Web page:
"That I think is a very pointed thing to be able to say like, 'Okay, here's some new music,' but we're not coming in with like, 'me and my friend's going to go party,' and like, 'it's just us versus the world.' It's like, 'Uh-uh, no, you're going to look at yourself in the mirror and tell me what you feel.'" It's kind of a ballsy move, I guess. But I mean honestly, a lot of this stuff is talked about in hindsight after something is done and then we can try to put meaning or attach meaning and motive behind these things, when in reality, I think anybody who writes music would at least have to accept that there are plenty of times, and for me it's this case pretty much always, but you just sort of when you find that thing that's working and speaking to you, you just sort of ride a wave and it just comes out."
Ultimately, Pugh confessed that the message of "17," was not necessarily something Cartel set out to convey on purpose. "What really happened is just whatever was happening inside of my head or heart, however you want to describe that, that just happened fall out onto paper and we just turned it into something," he said. "We worked with what came out versus contriving it from the beginning. Turning around and talking about all this makes it seem like, 'Oh yeah, dude's a genius.' Or like, 'He's really intentioned in how they're doing things.' That's not the case. I mean it could have very easily just been a straight-up love song or pop punk best friend's anthem, just as easily as what it is now. Take all that with a grain of salt. No, just looking back at it I could say it two years ago, it's probably where my head was at."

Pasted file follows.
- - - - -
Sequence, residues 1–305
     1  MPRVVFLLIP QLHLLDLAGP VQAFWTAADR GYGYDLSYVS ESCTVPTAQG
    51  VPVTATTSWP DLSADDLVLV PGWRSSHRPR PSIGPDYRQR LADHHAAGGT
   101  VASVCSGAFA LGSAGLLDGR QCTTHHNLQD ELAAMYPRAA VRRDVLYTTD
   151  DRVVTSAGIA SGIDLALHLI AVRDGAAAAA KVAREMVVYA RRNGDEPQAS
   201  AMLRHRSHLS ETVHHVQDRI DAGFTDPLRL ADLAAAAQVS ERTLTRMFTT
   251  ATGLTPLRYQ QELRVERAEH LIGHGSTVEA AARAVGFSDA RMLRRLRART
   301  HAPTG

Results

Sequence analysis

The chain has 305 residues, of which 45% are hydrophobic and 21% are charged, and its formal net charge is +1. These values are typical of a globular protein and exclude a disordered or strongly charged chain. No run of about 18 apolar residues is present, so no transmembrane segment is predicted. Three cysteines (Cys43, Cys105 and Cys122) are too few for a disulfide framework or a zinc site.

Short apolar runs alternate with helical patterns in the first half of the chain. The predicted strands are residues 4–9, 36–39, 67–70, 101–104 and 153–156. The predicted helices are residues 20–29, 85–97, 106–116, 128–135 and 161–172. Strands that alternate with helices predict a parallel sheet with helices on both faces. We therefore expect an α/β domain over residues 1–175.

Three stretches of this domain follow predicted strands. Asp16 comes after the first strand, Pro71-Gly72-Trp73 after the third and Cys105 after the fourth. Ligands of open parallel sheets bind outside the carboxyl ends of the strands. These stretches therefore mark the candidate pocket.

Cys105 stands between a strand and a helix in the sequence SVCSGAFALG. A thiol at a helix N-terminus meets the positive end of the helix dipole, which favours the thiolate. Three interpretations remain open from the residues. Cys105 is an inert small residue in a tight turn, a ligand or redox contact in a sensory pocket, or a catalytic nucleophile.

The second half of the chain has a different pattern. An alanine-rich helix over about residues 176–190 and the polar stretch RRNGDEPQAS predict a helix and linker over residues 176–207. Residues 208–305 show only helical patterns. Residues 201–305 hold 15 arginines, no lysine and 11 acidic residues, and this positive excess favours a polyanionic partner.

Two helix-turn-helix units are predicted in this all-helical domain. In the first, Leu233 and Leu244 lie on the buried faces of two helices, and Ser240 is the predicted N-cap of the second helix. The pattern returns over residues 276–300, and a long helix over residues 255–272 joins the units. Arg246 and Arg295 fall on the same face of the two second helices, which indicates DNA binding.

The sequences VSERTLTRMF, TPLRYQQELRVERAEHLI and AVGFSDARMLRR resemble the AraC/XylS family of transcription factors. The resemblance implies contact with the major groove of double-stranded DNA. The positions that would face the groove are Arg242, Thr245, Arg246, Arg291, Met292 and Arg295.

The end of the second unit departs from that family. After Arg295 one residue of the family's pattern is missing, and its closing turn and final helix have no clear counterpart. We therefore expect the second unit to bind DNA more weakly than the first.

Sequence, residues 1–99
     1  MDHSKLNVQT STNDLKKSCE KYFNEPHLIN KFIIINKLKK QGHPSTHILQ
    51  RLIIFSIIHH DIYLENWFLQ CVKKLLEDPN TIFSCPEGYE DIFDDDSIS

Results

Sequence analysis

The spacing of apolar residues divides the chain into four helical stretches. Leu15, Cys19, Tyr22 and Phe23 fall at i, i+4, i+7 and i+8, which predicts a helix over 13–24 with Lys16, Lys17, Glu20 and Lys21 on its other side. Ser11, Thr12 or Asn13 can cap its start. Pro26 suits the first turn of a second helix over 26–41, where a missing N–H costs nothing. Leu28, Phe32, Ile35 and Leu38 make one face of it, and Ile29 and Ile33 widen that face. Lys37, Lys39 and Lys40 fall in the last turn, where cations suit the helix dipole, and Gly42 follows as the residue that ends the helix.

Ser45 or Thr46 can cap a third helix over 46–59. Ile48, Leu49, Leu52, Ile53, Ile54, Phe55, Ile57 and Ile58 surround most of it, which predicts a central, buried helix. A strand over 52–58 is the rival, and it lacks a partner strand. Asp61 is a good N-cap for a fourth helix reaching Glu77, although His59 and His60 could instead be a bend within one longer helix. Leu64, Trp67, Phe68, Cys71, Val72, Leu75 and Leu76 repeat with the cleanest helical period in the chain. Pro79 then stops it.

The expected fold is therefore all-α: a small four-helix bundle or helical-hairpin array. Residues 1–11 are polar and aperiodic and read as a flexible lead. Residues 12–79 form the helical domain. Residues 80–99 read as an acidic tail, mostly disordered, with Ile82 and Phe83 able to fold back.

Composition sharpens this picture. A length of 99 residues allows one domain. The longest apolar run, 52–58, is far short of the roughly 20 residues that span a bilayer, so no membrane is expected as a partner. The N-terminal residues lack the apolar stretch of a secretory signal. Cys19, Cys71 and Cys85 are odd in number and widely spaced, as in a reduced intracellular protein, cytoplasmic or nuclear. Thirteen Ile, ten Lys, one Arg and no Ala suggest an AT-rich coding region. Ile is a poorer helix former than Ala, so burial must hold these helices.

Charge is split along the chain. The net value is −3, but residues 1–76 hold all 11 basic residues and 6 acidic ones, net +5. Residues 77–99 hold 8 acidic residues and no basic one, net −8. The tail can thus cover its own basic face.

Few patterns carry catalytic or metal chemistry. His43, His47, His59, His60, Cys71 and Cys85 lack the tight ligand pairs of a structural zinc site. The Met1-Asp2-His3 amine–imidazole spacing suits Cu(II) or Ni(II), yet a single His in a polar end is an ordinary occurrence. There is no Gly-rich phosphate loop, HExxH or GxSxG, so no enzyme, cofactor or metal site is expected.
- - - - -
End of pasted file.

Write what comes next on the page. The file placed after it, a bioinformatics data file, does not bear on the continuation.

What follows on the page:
Fans eager to catch the band in concert, and hear "17" performed live, will have a chance in August when they head out for some shows with Dashboard Confessional and Andrew McMahon in the Wilderness on a handful of dates for the Hello Gone Days tour. "We're doing nine shows, I believe with them, eight or nine shows. Nine dates on that tour, so that'll be a lot of fun." Surprisingly, he also added, "There's two bands we never toured with."
So with a new song out, and a tour coming soon, Cartel fans will be wondering if a new album is on the way. Pugh confirmed that "it's not an album," but "there are more songs on the way." He added, "We're all pretty spread out. The last time we really made music together, we basically all lived together, so it's much harder to get things done... and do that for a month in order to make an album the right way. It's a bridge too far unless all of a sudden we have a 100 million plays on this song, which to my knowledge, isn't the case yet. We're not going to be in a position to be able to take time off to do that."
Pugh continued, "I mean I think the hope is basically just to set some groundwork into what the new, or I guess the latest iteration or incarnation of the band is going to be, and just kind of start seeing just kind of where everybody's at. Essentially, we're reconnecting with the scene and with our fans and just saying, 'Hey, it's been a long time. We haven't talked, but here's some new stuff and you can let us know how you feel about it, and we'll let you know if we feel like making more,' go from there.
Fans who have yet to hear "17" can do so at the YouTube link above. Additionally, Cartel's upcoming tour dates and concert tickets can be accessed at this link. Stay locked to PopCulture.com for more music news and exclusives!